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The Huntsville-Decatur-Florence market was brutalized by the tornadoes that rampaged through Alabama in 2011. In the hardest-hit precincts, the damage is still being cleaned up. “We have lots of areas that are not completely back to normal,” says Stan Pylant, president and general manager at WHNT. “But it’s getting better. It’s coming back.”
The catastrophic weather led to boosts in the market’s news scene. After going live at 6:30 each evening during the storm’s aftermath, WHNT officially made the newscast part of its schedule a few months later. “It’s been a good thing for us—numbers are up over [predecessor Who Wants to Be a Millionaire,]” says Pylant. “And it’s very sellable, because it’s news.”
It is an intense news battle in DMA No. 79. BIA/Kelsey had Raycom’s WAFF ahead by several revenue percentage points in recent years, until Local TV’s WHNT leapfrogged the NBC affiliate in 2011. WHNT, a CBS station, booked an estimated $16.13 million in 2011, reports BIA/Kelsey, ahead of WAFF’s $14.68 million.
Calkins Media owns ABC affiliate WAAY. Grant Communications owns Fox affiliate WZDX, which airs MyNetworkTV and Me-TV on its subchannels. Lockwood Broadcasting has CW station WHDF. WAAY produces the 9 p.m. news for WZDX. “We’re pleased with the results so far,” says Charlene Brueggeman, WZDZ assistant general manager.
Charter is the dominant subscription TV operator in Huntsville-Decatur-Florence, while Comcast and Knology are players as well. The Huntsville Times shifted from daily delivery to three days a week in early October.
WAAY was first in the market with 4:30 a.m. news last year, moving its launch from a Monday to the previous Friday to pip the competition by a few days. WHNT is keen to expand news whenever possible. This fall, it stretched its 6 p.m. Saturday news to an hour, on top of 2½ hours on Saturday mornings and 1½ hours on Sunday mornings.
The station also has the rare newscast that is unique to its dot-two channel. It debuted in February 2010 (Station to Station, Feb. 8, 2010), and Pylant says the program averages a 1 household rating. “We’re really happy with the results,” he says.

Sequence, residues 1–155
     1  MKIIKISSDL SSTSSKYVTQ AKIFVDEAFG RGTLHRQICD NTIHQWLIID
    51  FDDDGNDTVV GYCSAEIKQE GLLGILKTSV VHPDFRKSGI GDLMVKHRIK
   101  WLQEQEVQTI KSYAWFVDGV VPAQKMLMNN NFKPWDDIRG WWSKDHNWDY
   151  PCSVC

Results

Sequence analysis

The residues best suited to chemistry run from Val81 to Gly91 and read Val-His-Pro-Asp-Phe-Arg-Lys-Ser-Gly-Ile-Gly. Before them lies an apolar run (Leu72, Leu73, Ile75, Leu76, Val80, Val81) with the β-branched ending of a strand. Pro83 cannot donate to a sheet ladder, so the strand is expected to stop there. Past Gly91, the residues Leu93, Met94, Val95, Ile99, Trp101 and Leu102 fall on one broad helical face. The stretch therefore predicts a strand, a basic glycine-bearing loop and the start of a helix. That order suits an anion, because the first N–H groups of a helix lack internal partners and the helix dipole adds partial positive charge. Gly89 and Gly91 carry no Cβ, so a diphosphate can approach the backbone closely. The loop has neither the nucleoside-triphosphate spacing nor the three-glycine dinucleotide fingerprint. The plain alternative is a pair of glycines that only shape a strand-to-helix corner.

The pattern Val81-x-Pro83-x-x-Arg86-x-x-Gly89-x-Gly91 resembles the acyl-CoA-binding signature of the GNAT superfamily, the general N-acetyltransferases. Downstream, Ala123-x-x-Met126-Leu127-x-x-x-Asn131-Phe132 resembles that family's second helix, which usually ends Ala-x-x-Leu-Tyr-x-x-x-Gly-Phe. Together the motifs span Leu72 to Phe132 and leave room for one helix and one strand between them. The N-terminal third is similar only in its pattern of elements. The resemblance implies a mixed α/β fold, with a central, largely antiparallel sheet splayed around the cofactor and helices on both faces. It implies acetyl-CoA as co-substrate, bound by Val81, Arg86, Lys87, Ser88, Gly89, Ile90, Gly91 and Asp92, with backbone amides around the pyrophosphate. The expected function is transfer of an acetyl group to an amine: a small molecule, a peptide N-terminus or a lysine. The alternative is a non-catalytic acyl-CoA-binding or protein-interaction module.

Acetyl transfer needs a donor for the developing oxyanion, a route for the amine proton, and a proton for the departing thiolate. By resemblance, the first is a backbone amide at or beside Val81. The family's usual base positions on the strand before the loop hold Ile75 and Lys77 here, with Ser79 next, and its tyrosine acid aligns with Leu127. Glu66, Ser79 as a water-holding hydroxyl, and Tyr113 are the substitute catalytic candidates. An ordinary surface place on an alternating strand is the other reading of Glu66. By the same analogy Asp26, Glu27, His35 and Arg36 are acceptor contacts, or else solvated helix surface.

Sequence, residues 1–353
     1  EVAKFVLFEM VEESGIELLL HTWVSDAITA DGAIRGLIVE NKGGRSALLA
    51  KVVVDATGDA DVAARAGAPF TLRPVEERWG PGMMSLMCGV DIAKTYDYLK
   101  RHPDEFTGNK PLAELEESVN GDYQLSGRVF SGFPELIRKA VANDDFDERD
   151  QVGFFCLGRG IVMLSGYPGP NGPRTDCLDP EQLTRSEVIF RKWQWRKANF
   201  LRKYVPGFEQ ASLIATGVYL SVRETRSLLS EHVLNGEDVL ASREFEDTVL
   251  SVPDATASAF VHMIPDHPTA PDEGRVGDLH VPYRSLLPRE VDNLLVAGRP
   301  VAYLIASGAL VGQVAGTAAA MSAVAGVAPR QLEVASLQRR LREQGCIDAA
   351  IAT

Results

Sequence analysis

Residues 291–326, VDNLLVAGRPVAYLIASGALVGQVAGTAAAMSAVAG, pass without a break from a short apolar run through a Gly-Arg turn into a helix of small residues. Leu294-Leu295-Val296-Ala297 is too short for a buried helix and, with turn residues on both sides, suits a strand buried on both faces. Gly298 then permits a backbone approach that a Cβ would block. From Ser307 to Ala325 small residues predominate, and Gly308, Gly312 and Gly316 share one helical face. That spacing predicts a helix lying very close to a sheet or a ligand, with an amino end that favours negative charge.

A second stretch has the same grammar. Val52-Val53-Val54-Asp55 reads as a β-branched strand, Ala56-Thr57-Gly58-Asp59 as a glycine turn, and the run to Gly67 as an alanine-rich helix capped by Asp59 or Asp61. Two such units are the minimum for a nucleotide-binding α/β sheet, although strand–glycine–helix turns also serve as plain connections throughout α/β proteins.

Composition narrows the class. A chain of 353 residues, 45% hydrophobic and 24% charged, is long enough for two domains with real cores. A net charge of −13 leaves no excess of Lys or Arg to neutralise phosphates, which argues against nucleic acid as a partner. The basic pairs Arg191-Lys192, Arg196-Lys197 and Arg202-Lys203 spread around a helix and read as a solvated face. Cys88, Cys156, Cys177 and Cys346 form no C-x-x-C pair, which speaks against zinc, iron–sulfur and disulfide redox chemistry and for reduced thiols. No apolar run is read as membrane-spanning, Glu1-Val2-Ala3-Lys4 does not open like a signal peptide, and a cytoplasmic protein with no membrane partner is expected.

“It’s an option for people who want their news earlier.” It’s also an option for advertisers who may not have the budget for the main channel. The newscast shares “WHNT2” with Antenna TV.
The Huntsville DMA moved up one spot in the newest Nielsen market rankings. Various aerospace outfits are based in the market, including NASA’s Marshall Space Flight Center. With much of the work tied to government contracts, all eyes are on what happens regarding budget cuts in Washington. “It could have a big impact on our economy,” says Pylant.
WHNT won the total-day household ratings contest in the May, sweeps, and took primetime easily. WAFF won 6 a.m. news in households, while WHNT took adults 25-54. WAFF claimed early evening and late news, its 11.0 rating/24 share at 10 p.m. topping WHNT’s 10.2/22. The two were deadlocked in 10 p.m.’s 25-54 race.
WAAY is trying some bold things in news to compete with the big boys. Art Lanham, vice president and GM, speaks of a successful morning transformation, and plans a similar “evaluation” of the station’s other newscasts. “We’re trying to find more ways to be stronger and better serve the community,” he says.
WAAY recently signed on with Rentrak.
WHNT keeps its news juggernaut humming with a full-blown multimedia journalist (MMJ) strategy. “For our station, it’s really about news—local news,” says Pylant. “We continue to look at ways to grow our local news.”
E-mail comments to firstname.lastname@example.org and follow him on Twitter: @BCMikeMalone
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